SF Occupy Protests Extend Into Evening, Building Taken Over
SAN FRANCISCO (CBS SF) – Minor altercations and an act of vandalism marred an otherwise “extremely peaceful” day of protests in San Francisco, a protester said Friday.
Hundreds of protesters clad in rain gear marched through downtown San Francisco Friday evening, one of several events in a day of action organized by Occupy San Francisco and other allied groups.
The march kicked off at Justin Herman Plaza at the foot of Market Street at around 5 p.m.
KCBS’ Anna Duckworth Reports:
“It’s been extremely peaceful all day,” a protester known as Stardust said Friday night.
Some protesters got into an altercation with officers in riot gear near Van Ness Avenue and Geary Street shortly after 7 p.m.
Roughly a dozen protesters were pepper sprayed by officers during a confrontation with police, protesters said. Protesters also said some officers used physical force against the protesters.
Shortly after the confrontation, some protesters appeared to break at least one window of a business, which drew criticism from fellow protesters.
“(There) should not have been any property destruction,” Stardust said.
Stardust said the vandalism goes “completely against our action agreement for today and (for) all actions of Occupy SF.”
Some protesters entered a vacant building on Cathedral Hill around 7:45 p.m., police Officer Carlos Manfredi said.
Manfredi said he could not comment on possible arrests or police action Friday evening as it was still ongoing.
The day of action began with protesters chaining themselves to the entrances of Wells Fargo Bank’s corporate headquarters at 420 Montgomery St. early Friday morning.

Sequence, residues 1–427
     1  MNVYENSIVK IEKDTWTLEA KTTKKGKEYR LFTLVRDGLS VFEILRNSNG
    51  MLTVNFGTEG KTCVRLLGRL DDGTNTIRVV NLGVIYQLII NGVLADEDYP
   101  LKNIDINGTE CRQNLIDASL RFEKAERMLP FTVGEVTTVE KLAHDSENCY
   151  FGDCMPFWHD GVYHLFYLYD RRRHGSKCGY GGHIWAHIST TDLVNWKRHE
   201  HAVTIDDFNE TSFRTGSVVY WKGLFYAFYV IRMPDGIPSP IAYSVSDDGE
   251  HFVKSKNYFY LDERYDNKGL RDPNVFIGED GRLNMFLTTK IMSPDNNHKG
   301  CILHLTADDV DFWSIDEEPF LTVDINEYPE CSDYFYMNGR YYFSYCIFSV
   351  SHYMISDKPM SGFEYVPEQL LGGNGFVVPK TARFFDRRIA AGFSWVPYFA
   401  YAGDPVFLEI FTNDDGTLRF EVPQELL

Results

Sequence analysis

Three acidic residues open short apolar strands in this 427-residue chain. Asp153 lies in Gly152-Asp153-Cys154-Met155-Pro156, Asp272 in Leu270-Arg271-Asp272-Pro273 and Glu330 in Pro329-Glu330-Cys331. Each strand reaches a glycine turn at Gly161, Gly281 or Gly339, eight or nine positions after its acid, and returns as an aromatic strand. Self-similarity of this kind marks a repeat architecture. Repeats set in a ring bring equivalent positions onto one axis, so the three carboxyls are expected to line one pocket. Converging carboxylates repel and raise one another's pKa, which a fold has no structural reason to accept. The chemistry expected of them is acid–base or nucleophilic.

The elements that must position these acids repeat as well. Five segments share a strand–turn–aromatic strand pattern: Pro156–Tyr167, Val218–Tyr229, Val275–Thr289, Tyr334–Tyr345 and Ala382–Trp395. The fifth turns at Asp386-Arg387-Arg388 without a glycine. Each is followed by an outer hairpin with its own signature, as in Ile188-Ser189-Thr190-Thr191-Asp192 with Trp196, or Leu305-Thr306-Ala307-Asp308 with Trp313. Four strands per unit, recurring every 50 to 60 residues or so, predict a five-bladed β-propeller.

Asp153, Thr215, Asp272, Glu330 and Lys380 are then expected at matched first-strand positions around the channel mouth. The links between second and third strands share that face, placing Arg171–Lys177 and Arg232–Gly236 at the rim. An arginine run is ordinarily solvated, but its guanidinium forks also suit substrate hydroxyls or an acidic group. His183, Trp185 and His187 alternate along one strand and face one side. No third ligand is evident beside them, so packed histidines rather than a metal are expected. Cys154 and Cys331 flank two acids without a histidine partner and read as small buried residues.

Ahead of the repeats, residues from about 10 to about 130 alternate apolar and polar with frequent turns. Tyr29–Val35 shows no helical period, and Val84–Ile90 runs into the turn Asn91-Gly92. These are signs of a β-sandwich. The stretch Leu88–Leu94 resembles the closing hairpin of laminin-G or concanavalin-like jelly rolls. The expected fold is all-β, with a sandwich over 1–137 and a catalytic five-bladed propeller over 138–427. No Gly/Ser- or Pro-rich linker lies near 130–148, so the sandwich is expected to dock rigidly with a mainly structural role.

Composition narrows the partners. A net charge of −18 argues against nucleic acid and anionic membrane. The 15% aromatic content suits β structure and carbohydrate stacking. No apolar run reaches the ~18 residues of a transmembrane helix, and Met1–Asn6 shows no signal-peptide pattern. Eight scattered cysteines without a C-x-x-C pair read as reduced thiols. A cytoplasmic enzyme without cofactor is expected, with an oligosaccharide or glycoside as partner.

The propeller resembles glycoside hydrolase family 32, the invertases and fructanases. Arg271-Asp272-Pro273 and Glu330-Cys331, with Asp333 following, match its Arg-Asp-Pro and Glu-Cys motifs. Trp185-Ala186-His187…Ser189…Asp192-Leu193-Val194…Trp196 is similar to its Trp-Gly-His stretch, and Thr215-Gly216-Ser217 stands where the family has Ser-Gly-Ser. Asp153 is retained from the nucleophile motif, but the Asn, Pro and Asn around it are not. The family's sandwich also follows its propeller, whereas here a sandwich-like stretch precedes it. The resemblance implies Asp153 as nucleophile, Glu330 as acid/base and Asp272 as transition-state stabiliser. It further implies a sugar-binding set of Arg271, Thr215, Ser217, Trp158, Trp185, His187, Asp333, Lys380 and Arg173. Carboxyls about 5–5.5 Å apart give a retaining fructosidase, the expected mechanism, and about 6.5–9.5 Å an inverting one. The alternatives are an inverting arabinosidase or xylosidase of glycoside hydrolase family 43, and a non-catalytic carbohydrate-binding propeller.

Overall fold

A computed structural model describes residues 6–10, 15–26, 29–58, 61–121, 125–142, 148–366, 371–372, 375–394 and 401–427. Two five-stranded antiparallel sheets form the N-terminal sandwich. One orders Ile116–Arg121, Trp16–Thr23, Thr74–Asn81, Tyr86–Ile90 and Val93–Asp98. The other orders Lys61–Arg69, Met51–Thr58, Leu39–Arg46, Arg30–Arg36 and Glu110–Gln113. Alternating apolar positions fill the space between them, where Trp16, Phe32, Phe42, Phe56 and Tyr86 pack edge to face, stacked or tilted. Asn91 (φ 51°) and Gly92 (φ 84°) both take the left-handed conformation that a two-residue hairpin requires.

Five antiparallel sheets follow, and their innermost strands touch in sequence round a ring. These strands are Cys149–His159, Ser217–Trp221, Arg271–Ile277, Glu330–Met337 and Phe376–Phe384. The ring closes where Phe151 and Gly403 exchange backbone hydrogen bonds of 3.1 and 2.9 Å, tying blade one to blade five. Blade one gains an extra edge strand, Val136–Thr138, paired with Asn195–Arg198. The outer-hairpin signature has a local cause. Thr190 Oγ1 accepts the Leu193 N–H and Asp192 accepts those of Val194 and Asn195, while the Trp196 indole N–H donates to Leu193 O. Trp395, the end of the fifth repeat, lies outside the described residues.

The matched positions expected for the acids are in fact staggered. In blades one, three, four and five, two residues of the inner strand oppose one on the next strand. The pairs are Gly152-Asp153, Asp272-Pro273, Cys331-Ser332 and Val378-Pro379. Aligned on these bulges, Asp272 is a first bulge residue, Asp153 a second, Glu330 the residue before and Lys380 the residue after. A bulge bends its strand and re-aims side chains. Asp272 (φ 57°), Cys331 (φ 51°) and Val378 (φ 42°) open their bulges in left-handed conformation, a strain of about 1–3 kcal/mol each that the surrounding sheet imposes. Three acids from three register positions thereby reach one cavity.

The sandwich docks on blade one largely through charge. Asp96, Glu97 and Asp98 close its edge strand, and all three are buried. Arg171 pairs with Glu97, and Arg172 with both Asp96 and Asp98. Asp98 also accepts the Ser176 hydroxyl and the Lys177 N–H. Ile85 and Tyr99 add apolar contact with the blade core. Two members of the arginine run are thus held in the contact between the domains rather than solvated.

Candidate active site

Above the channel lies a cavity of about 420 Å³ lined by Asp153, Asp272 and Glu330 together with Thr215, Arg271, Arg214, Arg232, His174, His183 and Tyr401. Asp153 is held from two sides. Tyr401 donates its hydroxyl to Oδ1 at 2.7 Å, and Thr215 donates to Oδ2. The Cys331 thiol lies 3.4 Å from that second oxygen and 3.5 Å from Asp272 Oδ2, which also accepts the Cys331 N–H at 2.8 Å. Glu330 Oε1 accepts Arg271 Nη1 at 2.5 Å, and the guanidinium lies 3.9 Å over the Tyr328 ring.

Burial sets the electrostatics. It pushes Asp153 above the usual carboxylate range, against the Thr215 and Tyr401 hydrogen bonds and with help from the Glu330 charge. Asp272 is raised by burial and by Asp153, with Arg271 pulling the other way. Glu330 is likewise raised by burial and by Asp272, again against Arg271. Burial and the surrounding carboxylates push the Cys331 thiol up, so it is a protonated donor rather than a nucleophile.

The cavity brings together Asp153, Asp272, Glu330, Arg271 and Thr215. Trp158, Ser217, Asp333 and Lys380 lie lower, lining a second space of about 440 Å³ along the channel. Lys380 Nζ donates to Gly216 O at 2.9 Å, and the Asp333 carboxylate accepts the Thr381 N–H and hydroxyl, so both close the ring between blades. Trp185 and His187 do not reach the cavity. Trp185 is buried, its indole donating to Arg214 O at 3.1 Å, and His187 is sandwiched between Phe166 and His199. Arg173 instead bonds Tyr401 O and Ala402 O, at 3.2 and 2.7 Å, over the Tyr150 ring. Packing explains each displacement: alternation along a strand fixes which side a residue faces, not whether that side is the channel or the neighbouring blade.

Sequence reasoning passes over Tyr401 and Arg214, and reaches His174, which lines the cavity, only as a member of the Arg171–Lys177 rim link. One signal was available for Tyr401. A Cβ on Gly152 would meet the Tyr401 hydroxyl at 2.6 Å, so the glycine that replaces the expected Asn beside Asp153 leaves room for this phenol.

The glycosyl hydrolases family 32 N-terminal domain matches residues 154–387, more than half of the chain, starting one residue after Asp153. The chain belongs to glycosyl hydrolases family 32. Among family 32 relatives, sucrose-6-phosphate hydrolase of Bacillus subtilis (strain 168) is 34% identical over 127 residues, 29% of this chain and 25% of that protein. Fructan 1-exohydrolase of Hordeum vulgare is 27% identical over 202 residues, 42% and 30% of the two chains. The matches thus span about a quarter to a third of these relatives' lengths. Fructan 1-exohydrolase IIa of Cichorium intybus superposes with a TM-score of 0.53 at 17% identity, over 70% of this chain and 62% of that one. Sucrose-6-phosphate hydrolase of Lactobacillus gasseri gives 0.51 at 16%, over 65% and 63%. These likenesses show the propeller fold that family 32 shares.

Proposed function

Then shortly before 9 a.m., protesters also began blocking a nearby Bank of America branch at 345 Montgomery St.
Multiple blocks of California Street and Montgomery Street were blocked for hours Friday by the demonstrations and the ensuing response by police in riot gear.
More than 100 people gathered outside a federal courthouse in San Francisco Friday afternoon to call for an amendment to the U.S. Constitution to overturn the legal doctrine of corporate personhood.
Police made 18 arrests in connection with Occupy San Francisco protests that blocked two banks in the city’s Financial District.
Of those arrests, 17 were made for trespassing on private property, while one was for a protester who allegedly grabbed a police officer’s baton, according to police.
Wells Fargo spokesman Ruben Pulido issued a statement Friday defending the bank against the protests.
“We understand that Americans are demanding more from their financial institutions during this economic recovery,” Pulido said. “Wells Fargo continues to be a responsible corporate citizen and assists those facing financial hardships.”
He said in the past year, less than 2 percent of homeowner-occupied loans in the bank’s servicing portfolio have proceeded to foreclosure sale and that Wells Fargo has worked with homeowners to conduct more than 724,000 mortgage modifications since 2009.
Friday evening’s march started at Justin Herman Plaza at the foot of Market Street and traffic was disrupted due to the march.
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